• (03/20/14): "At the kitchen table she examined the glass of ice. Each cube was rounded by room temperature, dissolving in its own remains, and belatedly she understood that this was how a loved one disappeared. Despite the shock of walking into an empty flat, the absence isn’t immediate, more a fade from the present tense you shared, a melting into the past, not an erasure but a conversion in form, from presence to memory, from solid to liquid, and the person you once touched now runs over your skin, now in sheets down your back, and you may bathe, may sink, may drown in the memory, but your fingers cannot hold it." A story of three dissimilar people coping to survive in a war infested land. A story not only about war but a story intersecting three characters together through various connections. The trials facing each is the foundation for this poignant story. Marra crafted an irresistible and sensitive debut novel. A multitude of different perspectives given by the differing three protagonists. With the varying voices and viewpoints this allows the reader multiple points to consider long after the novel's cover has been gently closed. Sonja competent physician, professional. She is overworked and exhausted, her hard exterior is taking a beating. Akhmed a physician but rather be painting. Facing any situation thrown his way with strength and poise. With his artistic ability Akhmed reworks the faces of the 'disappeared' to be recovered by family. Haava an eight year girl suffering the loss of her mother, witnessing her father be taken away forcefully by soldiers and now she is residing in a hospital seeing the carnage of war daily. Other secondary characters are involved in the narrative introducing multiple facets of war affecting people - kidnapping, smuggling and more. Marra does a wonderful job covering a quantity of issues without the narrative being overdone or scattered. Marra has left quite an impression, unbelievable this was a debut effort. His elegant and lyrically rhythmic prose immediately captured my attention. Wonderfully executed from beginning to end. A memorable novel in numerous ways. A novel unmistakably worth reading.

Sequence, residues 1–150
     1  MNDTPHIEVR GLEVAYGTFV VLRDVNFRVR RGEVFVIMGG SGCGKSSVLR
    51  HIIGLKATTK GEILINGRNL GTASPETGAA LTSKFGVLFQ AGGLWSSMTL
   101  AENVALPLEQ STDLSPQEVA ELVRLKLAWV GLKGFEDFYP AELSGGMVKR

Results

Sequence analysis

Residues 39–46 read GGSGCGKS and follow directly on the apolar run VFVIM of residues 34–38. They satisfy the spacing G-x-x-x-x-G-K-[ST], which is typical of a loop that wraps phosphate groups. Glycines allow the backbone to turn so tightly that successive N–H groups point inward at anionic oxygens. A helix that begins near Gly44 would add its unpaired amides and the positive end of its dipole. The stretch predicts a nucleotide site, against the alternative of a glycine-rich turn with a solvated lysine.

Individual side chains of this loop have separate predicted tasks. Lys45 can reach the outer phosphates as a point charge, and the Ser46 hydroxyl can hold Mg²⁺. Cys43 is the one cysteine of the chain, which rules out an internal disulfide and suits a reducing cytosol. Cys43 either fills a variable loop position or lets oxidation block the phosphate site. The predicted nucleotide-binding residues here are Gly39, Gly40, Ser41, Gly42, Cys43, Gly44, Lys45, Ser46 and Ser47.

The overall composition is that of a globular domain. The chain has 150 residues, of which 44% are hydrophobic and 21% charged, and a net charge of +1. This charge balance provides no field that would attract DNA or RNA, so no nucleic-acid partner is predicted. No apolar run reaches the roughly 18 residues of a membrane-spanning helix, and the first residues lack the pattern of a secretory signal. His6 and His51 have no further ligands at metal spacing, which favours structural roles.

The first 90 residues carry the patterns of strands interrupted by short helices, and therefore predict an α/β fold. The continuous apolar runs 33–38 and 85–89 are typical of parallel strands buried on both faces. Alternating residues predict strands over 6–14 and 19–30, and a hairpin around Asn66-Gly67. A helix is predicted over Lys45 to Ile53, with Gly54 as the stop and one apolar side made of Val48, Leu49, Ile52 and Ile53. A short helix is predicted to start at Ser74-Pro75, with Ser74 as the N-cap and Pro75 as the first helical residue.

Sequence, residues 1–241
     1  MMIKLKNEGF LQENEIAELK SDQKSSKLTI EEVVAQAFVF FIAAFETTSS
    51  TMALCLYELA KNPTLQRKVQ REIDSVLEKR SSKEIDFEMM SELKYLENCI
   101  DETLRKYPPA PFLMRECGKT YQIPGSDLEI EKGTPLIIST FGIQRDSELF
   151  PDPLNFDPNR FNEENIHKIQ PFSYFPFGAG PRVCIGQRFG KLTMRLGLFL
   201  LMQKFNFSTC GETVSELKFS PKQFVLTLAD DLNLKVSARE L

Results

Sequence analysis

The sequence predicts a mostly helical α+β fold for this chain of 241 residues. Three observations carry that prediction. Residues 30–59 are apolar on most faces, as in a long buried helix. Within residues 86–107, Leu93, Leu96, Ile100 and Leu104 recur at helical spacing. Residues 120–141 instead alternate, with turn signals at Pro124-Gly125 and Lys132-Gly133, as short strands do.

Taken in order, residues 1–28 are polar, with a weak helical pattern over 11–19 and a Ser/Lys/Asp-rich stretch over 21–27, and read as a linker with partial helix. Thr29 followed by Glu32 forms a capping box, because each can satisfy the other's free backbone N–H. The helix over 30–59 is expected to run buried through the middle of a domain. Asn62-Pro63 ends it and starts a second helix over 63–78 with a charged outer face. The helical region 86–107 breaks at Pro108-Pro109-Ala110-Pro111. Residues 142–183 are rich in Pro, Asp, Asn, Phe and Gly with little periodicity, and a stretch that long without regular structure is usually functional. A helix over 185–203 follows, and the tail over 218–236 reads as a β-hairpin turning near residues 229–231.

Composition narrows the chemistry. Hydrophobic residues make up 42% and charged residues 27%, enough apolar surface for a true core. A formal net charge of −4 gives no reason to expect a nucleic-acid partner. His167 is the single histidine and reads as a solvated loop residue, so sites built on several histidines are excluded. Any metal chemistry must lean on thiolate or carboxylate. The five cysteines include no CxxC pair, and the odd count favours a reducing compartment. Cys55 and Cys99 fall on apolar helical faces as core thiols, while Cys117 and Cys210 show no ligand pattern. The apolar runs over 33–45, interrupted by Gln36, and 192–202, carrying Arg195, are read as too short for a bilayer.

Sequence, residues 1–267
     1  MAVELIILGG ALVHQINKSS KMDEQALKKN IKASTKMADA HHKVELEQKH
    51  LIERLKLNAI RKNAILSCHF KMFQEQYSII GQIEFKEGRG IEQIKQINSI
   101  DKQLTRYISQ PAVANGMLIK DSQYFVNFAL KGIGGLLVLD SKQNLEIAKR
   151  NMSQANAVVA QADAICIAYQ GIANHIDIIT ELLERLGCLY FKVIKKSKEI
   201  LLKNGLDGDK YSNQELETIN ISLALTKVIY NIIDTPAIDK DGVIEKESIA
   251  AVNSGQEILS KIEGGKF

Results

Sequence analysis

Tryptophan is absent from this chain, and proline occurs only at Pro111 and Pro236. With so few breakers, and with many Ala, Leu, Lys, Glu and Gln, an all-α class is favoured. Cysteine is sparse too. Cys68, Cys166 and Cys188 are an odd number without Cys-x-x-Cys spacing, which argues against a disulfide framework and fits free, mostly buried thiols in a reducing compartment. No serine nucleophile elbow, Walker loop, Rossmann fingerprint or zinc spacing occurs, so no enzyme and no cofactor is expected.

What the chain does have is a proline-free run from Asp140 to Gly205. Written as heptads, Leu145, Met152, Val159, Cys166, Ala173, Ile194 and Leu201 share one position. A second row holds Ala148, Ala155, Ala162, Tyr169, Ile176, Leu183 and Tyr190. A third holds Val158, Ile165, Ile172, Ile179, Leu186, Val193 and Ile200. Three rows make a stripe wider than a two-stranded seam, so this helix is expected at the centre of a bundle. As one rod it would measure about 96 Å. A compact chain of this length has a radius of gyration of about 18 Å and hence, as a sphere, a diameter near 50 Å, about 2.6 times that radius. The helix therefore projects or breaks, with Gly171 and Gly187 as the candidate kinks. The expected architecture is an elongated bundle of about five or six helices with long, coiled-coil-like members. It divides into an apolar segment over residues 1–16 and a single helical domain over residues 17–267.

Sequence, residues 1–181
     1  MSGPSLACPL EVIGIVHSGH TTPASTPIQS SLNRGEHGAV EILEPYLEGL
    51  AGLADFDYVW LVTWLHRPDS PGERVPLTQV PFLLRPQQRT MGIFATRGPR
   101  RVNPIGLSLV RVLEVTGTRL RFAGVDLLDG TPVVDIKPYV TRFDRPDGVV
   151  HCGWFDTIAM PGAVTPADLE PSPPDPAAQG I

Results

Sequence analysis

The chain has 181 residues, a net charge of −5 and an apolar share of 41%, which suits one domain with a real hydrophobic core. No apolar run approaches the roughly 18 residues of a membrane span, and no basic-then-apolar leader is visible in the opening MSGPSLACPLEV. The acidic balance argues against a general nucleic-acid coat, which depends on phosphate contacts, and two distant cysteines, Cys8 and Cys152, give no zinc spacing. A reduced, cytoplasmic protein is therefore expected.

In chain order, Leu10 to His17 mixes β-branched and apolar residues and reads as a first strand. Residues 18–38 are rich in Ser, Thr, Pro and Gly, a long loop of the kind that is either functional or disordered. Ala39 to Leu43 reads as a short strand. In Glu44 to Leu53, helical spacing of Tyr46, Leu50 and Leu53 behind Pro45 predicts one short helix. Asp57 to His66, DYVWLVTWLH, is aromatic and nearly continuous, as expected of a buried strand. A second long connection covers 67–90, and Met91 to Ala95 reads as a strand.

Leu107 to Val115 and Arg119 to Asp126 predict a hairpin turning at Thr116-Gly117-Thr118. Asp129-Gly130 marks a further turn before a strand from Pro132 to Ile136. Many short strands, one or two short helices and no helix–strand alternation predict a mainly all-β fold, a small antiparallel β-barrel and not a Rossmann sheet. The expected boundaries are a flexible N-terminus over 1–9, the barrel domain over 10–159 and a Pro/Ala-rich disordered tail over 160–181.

• (02/06/14): Kidd’s retelling of the Grimke sisters and their fight for equality for women and the abolition of slavery is told with sympathy and fact. Although much of the story is fiction, Kidd manages to remain true to the real life story of Sarah and Angelina Grimke in the days and decades before the Civil War. A number of “big names” appear in the sisters’ ongoing struggle to be heard in a male dominated South and respected in a male dominated North. The tale loses some momentum in the middle, possibly because the sisters’ actual lives also stalled in their middle years. The addition of the totally fictional characters of Charlotte and Hetty carry the story well, giving the slave side of Southern life. The horrors of slavery are graphically depicted. I can recommend this book without reservation for anyone interested in Southern life, abolition, women’s rights, and the life style and treatment of women in antebellum Charleston, South Carolina. Also interesting is the role of the church (in many permutations) in the condoning of slavery and the treatment of women. 5 of 5 stars


  • (01/24/14): I love reading about World War II because there are so many interesting aspects to this war and so many new things to learn. I knew Paris was hotbed of rumors just prior to the war but had no knowledge of the Germans who actually lived in the city. This book takes place in Paris just prior to the start of World War II. Although fiction, Mr Furst has done excellent research about Paris life in those days. I love how the action of the book continues to build till the very end. The author also doesn't waste words but simply tells a compelling story. This is a quick read with a very satisfying ending. I enjoyed it immensely. Thanks to Random House for the free book ( I won it in a contest)....I never would have picked up an Alan Furst novel and now I will be going back and reading all his prior books. His writing is truly enjoyable.